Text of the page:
Computer MAD SCIENCE. A queue?! With two stacks?!!

You're receiving this issue as a Coding for Interviews newsletter member or a new visitor from the Coding for Interviews course. Welcome new members, glad to have you on board!

Quote of the week

"What is a group of software developers called? A merge conflict."

Links of the week


Topic of the Week: Breadth-first Search

Breadth-first search is a tree traversal algorithm that visits the nodes of a tree level by level, increasing the depth after each row's traversal.

What is BFS used for?

You'll come across BFS in a few common situations—

  1. finding the shortest path between two nodes in a graph—like LinkedIn finding the friends-of-friends.
  2. filesystem traversal—while UNIX find is a pre-order depth-first search, some prefer breadth-first for faster searches in certain situations (like this Emacs-er from 1999)
  3. generally printing hierarchies in rank-order... e.g., if you wanted to print a tree of military officers by their level in the rank hierarchy

What does it look like?

Pop quiz, hot-shot! You have a tree. And your task is to verbally breadth-first traverse it. What do you do?

Well, a breadth-first printing of the tree would be 1 2 3 4 5. Each row, you visit the nodes from left to right.

How do you perform a BFS?

When you’re performing a breadth-first traversal, you need some sort of way to keep track of where you’ve been (otherwise, looking at a given node, you wouldn’t know which node to visit next).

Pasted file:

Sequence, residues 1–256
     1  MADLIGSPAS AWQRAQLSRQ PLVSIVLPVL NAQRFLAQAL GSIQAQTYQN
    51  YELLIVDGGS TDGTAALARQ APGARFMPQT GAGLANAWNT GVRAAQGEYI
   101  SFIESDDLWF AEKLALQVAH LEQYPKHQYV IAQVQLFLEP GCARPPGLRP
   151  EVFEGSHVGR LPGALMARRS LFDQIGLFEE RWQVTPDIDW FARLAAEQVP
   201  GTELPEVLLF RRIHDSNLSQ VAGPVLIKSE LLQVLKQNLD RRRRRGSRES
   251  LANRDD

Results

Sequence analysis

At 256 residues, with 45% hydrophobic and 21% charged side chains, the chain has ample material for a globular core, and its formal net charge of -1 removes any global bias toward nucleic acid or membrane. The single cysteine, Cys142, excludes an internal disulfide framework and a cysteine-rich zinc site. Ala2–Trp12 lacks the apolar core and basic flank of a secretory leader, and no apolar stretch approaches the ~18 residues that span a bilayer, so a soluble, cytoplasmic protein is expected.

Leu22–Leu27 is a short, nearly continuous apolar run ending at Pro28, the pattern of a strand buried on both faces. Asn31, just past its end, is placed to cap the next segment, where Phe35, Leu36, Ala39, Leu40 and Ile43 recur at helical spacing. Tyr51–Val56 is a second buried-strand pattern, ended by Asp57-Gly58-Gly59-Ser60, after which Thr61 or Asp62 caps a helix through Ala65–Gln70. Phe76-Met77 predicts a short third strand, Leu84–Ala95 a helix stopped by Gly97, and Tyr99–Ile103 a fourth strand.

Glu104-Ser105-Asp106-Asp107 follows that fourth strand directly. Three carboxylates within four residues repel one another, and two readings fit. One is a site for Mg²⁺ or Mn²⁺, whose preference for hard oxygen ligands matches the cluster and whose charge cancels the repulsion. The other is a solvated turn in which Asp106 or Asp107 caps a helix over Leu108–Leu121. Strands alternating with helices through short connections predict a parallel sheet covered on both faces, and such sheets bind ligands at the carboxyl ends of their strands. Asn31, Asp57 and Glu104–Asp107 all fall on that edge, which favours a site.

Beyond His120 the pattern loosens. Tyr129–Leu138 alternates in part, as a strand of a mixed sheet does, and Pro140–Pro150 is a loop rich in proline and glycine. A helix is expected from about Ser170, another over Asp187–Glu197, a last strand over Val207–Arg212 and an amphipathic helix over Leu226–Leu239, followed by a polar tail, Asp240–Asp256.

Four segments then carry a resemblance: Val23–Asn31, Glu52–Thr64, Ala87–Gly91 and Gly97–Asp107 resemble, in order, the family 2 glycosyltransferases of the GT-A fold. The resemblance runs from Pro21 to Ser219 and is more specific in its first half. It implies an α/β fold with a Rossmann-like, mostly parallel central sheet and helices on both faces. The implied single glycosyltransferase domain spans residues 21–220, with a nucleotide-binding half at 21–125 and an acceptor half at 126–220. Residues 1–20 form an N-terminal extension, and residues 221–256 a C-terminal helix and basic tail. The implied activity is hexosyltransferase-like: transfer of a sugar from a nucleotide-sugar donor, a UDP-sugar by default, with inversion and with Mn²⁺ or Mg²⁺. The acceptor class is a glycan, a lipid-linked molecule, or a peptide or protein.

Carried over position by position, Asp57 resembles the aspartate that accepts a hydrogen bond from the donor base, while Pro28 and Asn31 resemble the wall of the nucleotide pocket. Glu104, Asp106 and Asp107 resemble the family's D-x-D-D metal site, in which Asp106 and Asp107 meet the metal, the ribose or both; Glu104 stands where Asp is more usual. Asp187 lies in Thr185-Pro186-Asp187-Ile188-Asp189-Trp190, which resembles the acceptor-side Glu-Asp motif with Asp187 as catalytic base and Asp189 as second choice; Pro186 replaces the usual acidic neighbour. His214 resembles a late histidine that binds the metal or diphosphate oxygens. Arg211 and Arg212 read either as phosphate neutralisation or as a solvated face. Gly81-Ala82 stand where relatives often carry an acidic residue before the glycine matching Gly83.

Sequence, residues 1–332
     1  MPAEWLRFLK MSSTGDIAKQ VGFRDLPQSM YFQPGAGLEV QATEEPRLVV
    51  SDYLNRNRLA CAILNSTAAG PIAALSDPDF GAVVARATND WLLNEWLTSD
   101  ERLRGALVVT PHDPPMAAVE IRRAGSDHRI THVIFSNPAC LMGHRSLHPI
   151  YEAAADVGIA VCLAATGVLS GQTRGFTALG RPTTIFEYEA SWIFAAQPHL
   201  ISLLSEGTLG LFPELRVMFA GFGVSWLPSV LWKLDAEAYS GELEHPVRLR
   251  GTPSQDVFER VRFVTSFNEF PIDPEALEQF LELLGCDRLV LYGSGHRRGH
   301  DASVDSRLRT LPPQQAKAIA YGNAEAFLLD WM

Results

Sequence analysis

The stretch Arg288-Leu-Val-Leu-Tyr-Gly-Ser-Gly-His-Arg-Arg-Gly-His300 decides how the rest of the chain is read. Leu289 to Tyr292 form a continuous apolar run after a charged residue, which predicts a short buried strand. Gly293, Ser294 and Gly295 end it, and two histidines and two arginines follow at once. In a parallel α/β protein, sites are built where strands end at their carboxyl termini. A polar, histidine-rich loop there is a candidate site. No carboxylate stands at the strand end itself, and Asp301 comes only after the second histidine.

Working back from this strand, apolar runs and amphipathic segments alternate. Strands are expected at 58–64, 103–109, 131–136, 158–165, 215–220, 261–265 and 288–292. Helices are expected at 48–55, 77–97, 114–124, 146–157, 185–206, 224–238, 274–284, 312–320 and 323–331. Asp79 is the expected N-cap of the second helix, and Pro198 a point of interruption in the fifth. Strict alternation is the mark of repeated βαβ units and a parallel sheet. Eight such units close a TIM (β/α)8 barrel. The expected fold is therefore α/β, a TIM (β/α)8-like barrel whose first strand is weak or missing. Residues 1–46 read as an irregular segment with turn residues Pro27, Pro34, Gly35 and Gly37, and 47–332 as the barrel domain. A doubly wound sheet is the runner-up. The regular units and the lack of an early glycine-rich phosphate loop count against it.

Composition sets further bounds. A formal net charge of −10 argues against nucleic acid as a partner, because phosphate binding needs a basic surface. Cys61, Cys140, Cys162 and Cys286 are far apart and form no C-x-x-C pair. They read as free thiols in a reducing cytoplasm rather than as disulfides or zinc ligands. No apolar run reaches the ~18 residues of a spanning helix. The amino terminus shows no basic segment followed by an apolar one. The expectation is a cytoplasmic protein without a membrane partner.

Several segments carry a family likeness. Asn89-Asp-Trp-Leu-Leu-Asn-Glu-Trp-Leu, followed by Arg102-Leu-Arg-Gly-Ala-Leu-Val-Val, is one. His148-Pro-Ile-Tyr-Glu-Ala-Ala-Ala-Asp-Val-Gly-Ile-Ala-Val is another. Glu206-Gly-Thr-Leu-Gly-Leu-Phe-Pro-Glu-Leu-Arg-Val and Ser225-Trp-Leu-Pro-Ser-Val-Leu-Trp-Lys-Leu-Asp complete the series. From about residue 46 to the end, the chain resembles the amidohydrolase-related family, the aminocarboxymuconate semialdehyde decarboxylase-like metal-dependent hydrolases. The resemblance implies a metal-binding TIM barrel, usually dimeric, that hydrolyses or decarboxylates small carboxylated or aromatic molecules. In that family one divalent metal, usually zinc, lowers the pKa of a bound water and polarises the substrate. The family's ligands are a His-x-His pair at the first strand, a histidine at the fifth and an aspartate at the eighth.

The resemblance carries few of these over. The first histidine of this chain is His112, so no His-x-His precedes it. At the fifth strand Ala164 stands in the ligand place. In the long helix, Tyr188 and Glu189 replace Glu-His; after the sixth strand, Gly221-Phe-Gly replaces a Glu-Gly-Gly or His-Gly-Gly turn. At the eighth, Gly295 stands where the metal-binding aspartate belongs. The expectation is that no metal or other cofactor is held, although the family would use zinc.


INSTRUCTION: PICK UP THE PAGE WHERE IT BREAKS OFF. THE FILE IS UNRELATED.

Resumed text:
One way is to use a queue to maintain a list of nodes to visit next, remove the nodes and their add children to the end of the queue as you visit them.

The general steps:

  1. Add the root node to the queue
  2. While there are still any nodes in the queue:
    • Remove and visit the front node in the queue
    • Add each of the current node's children to the queue

Here's an animated version (from Wikipedia on BFS)—gray nodes are the ones remaining in the queue. Black nodes are the ones which have been visited.

BFS -> DFS with just one swap

If you swap out the queue in that algorithm for a stack, you'd get a depth-first search. Can you wrap your head around why that is?

In graphs to avoid cycles

Unlike trees, graphs can have cycles—paths from a given node around to itself. When you're performing a breadth-first search of a graph, you will want to avoid getting caught up in these cycles, as they can cause the algorithm to never terminate (though, unlike depth-first searches, it will continue to traverse the entire graph).

To counter this, a common approach is to mark visited graph nodes as you go along and ignore them when encountered later. This marking can be done either as an attribute on the node or by maintaining a set of visited nodes.

This week's challenge: The Staqueue

This week's challenge—not directly related to BFS—is to implement a queue using two stacks.

Queues are a first-in-first-out data structure that we just saw used as a "next to visit" data store in breadth-first search.

Stacks are a last-in-first-out data structure used in depth-first search, and can often be used to implement recursive algorithms iteratively (because the call stack is, itself, a stack).

For this problem, you are to create a queue using two stacks. So your Queue will support the operations:

  • enqueue(item), which inserts an item into the queue
  • dequeue(), which removes and returns the oldest item in the queue

Your two Stacks (which your programming language may have available already, otherwise you can create your own pretty easily) have the following operations:

  • push(item), which inserts an item at the top of the stack
  • pop(), which removes and returns the top item of the stack